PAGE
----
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Indicator I-8 Advanced Placement Exams Taken in the Humanities
NOTE TO READERS: Please include the following reference when citing data from this page: "American Academy of Arts and Sciences, Humanities Indicators, http://HumanitiesIndicators.org".
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Updated 11/14/2013 with data for 2010–2013.

See the
Note on Advanced Placement Examination Data.

AP courses, which can count for college credit when accompanied by a passing score on an AP exam, are the most rigorous courses regularly offered by high schools. Perception of the high value of AP courses has led the Washington Post and U.S. News and World Report to use the number of AP classes offered and exams taken as metrics in their annual rankings of high schools. For this reason, the HI looks to student involvement in the AP program as one measure of advanced learning in humanities subjects at the secondary school level.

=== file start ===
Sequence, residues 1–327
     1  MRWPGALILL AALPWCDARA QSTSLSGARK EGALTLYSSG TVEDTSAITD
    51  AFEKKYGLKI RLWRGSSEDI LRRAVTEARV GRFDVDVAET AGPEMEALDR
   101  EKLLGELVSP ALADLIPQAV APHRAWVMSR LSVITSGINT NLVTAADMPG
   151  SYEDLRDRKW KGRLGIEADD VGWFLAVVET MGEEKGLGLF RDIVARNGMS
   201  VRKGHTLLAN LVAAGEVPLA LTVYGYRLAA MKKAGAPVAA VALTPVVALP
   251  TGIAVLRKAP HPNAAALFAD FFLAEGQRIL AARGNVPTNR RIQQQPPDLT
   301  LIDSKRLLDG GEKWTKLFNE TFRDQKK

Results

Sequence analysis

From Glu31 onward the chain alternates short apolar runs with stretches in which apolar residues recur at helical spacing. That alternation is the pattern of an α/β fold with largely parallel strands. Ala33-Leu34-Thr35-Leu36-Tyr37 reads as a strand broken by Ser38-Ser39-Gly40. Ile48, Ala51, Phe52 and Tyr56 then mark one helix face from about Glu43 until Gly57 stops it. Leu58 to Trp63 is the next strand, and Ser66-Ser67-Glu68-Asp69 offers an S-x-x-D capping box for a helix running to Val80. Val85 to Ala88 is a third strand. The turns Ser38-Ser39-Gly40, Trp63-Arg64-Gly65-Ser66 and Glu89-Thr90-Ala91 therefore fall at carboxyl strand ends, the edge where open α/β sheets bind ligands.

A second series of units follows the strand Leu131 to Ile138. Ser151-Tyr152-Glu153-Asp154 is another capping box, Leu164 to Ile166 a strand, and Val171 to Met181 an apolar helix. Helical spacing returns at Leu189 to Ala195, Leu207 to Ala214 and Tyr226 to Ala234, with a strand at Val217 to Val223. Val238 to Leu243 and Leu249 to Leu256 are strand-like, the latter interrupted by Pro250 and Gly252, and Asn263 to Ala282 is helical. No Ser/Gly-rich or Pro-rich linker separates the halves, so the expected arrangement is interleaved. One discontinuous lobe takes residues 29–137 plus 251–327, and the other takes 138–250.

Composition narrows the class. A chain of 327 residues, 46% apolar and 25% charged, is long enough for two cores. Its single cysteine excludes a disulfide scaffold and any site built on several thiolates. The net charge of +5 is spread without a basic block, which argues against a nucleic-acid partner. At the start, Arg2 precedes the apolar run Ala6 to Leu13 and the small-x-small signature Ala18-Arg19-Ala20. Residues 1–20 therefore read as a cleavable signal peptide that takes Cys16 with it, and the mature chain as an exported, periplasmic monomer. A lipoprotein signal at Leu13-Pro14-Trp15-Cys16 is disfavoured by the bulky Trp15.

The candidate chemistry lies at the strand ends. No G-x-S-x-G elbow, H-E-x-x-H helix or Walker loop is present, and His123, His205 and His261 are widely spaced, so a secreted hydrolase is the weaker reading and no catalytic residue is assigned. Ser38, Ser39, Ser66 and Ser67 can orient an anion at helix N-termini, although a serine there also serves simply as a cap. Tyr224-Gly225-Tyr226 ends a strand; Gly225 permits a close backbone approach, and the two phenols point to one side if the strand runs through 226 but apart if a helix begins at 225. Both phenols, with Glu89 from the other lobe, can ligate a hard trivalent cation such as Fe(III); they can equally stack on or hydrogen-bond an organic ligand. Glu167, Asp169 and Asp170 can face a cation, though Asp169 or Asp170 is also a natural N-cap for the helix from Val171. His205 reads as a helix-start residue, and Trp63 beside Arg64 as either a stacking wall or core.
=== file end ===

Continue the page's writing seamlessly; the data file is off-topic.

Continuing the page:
While national trend data on AP course-taking in specific subjects is not publicly available, the College Board does publish data on the number of AP exams taken annually in each subject, as well as the average scores and the demographics of those taking the tests. From 1996 to 2013, humanities exams were the most commonly taken AP exams, outstripping all other fields by a wide margin (Figure I-8a; see the Note on Advanced Placement Examination Data for a listing of the exam types included under each field heading). During this period, the number of AP exams taken in the humanities quadrupled, although the number of exams taken in other fields increased even more dramatically. Exams taken in the social sciences, for instance, increased almost tenfold.

Figure I-8a, Full Size